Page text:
Apple In Dow Would Make DIA Even Weirder

Apple’s June share split puts the spotlight on the Dow’s antiquated price-weighting scheme.

PaulBritt_100x66.jpg
|
Senior ETF Specialist
|
Reviewed by: Paul Britt
,
Edited by: Paul Britt

Apple’s June share split puts the spotlight on the Dow’s antiquated price-weighting scheme.

 

The Dow Jones industrial average is probably the best-known index in the world. Quoted constantly in all forms of media, the Dow is practically unavoidable.

Yet Apple’s potential inclusion in the Dow highlights its well-known shortcomings.

The Dow uses a stock’s price—and only its stock price—to set the stocks proportional weight in the index. The index ignores whether the firm is large or small when its sets the weight.

In contrast, almost all other plain-vanilla indexes use market-cap weighting, which measures the firm’s true size in the market. Market-cap weighting uses share price too, but scaled by the number of shares outstanding.

Apple recently announced an unusual 7:1 stock split in June, ostensibly to make its massive share price more accessible to mom-and-pop investors—and possibly to smooth its entry to the venerable Dow. Getting the stock into the Dow would force all of the index-based products to buy more Apple stock, potentially boosting or at least supporting its price.

Before we assess AAPL’s likely weight in the Dow, here’s a graph of what the current Dow looks like relative to the same 30 stocks using market-cap weighting.

DIA vs MC Current

I’m using the large and liquid SPDR Dow Jones Industrial Average Trust ETF (DIA | A-74) as a proxy, with DIA’s current weights in dark blue and hypothetical market-cap weights in light blue. (Data: DIA holdings from ETF.com; hypothetical market-cap weights calculated by me from Bloomberg values.)

Firms like Visa and Goldman Sachs dominate DIA despite their much smaller market-cap. while huge firms like Exxon-Mobil and Microsoft take a backseat.

Oddest of all: Industrial giant GE gets a huge haircut despite this being an industrial index.

 

While smart-beta ETFs often differ from market-cap exposure, they do so with a purpose, such as a bias toward value stocks. Price-weighted indexes lack a justification for weighting, and are extremely sensitive to moves in share prices from stock splits.

Apple’s split would put its price at about $80. Here’s what a new Apple share would look like in a hypothetical DIA basket using price weighting, shown in gray, versus market cap weighting in light blue.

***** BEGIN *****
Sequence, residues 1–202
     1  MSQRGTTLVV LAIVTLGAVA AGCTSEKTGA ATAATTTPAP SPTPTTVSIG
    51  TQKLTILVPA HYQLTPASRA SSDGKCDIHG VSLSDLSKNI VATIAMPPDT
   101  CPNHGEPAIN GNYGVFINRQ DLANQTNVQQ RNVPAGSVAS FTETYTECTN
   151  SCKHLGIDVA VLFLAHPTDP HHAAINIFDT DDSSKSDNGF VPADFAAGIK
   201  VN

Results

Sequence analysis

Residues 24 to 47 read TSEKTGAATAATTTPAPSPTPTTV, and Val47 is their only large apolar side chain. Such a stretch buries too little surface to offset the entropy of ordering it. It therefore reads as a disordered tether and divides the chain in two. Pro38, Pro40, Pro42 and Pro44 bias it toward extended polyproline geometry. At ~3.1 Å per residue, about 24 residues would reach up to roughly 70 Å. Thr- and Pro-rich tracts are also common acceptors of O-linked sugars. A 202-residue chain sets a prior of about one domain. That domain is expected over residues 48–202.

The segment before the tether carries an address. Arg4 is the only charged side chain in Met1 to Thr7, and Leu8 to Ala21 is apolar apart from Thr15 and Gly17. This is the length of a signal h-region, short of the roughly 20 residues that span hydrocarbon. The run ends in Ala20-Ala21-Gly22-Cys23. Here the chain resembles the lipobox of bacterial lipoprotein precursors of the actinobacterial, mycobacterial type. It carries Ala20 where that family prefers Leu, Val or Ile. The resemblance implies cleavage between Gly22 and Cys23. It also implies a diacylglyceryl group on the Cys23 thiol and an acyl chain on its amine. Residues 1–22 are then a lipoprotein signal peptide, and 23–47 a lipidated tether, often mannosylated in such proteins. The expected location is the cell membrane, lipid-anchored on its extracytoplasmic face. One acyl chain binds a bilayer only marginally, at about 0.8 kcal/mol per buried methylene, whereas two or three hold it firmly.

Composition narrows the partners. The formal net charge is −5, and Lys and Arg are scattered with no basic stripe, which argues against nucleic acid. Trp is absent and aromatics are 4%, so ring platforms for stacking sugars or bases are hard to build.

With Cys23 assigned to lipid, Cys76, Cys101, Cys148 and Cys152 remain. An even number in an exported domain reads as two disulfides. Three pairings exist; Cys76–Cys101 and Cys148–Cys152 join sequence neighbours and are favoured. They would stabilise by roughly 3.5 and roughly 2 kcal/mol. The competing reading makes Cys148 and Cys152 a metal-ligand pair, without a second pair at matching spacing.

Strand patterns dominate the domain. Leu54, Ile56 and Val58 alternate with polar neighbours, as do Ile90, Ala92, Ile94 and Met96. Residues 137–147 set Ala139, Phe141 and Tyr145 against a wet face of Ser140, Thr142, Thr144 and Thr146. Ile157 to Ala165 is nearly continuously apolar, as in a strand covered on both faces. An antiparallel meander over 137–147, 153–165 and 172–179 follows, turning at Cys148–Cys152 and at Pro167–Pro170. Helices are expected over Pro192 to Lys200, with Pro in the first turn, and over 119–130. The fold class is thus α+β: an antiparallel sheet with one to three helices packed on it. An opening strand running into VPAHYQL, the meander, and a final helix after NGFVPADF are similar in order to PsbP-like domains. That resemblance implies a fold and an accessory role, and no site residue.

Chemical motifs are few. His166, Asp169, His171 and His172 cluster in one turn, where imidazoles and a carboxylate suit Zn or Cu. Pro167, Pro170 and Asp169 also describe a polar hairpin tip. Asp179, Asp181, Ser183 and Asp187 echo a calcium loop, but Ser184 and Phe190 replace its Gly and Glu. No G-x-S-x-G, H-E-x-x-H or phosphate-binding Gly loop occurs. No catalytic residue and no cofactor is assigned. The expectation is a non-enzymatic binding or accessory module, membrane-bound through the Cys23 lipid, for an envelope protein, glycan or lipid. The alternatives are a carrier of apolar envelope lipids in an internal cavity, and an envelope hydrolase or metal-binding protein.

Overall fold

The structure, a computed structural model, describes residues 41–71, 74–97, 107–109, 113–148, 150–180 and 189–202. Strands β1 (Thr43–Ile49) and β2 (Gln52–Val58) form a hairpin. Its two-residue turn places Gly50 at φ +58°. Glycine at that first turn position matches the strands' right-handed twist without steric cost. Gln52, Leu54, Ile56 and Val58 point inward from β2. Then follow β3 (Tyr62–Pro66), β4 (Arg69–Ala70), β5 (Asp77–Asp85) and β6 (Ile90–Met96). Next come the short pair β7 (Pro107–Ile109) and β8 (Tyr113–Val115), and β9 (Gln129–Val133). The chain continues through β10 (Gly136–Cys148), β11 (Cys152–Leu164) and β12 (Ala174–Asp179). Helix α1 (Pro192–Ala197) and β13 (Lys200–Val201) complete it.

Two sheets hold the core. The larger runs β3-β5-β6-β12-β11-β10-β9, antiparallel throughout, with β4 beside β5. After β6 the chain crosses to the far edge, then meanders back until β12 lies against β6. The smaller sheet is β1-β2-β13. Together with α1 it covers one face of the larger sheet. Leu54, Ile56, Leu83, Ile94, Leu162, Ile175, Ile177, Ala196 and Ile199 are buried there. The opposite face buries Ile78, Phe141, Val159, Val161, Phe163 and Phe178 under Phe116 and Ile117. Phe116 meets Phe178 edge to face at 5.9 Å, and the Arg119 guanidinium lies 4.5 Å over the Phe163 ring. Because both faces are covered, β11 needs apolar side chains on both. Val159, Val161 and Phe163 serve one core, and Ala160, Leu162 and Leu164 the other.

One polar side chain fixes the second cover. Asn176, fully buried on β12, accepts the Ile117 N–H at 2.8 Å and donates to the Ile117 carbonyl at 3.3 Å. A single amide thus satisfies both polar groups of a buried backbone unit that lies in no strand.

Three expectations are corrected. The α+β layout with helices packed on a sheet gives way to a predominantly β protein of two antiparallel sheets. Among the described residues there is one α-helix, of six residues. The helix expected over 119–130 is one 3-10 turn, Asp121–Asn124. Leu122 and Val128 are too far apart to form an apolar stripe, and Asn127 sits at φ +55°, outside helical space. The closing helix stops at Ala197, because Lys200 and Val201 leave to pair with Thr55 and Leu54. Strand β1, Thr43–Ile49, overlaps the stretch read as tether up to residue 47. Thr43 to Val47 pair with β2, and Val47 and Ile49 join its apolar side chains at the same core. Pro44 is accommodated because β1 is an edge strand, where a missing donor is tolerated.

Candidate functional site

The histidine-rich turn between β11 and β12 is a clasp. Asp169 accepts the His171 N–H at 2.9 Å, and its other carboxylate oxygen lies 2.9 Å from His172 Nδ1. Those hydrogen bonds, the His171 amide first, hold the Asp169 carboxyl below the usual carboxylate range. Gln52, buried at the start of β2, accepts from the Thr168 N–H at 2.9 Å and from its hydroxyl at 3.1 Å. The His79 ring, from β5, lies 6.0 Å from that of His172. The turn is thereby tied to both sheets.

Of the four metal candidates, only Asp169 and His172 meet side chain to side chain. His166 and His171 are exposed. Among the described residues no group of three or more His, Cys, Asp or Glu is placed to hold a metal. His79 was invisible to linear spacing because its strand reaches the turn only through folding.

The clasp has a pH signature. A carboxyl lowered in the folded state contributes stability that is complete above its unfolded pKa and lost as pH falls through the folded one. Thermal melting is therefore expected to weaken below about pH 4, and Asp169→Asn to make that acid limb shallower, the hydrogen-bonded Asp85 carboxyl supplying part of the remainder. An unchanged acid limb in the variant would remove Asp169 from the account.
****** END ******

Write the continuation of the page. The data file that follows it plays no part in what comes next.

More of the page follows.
DIA vs MC w AAPL

I arbitrarily removed P&G to make room in the 30-stock Dow for AAPL simply because P&G’s current price is closest to $80, but who knows which stock would get the boot?

Apple would be about 3 percent of DIA instead of the 10 percent that its huge market value of equity would command in a cap-weighted index.

Ironically, a much smaller 2:1 split instead of the 7:1 split would have brought AAPL’s hypothetical weight in DIA into line with its market cap. Note that the arbitrary size of the split directly affects the weight of Apple in the price-weighted Dow, while splits have no impact at all on market-cap-weighted indexes.

Again, price weighting just doesn’t make sense.

True, the Dow’s performance is highly correlated with major cap-weighted indexes like the S&P 500. But ETFs have helped make beta exposure so incredibly efficient that we argue over basis points of performance difference.

Meanwhile, the Dow lags our MSCI large cap benchmark index by some 5.5 percent over the past 12 months; sometimes, it leads, to be sure. The point is that it’s materially different from pure beta.

In all, I’m hard pressed to find any justification for allocating to Dow vehicles—including DIA, which does a great job delivering a lousy index—given the availability of far-superior beta products.

Including the world’s largest firm by market cap in the Dow makes should make it more representative; instead it just underscores its weirdness.


At the time this article was written, the author held no position in DIA but held all the underlying securities. Contact Paul Britt at [email protected] or follow him on Twitter @PaulBritt_ETF.


 

Paul Britt, CFA, is a senior analyst in the ETF Analytics group at FactSet, a team that maintains and develops an industry-leading suite of ETF-related data and analytics products. Prior to joining FactSet in April 2015, he was a senior analyst at etf.com, where he performed a similar role, and worked in private placement at Pensco Trust. Paul holds a B.S. from RIT and an M.S. in financial analysis from the University of San Francisco.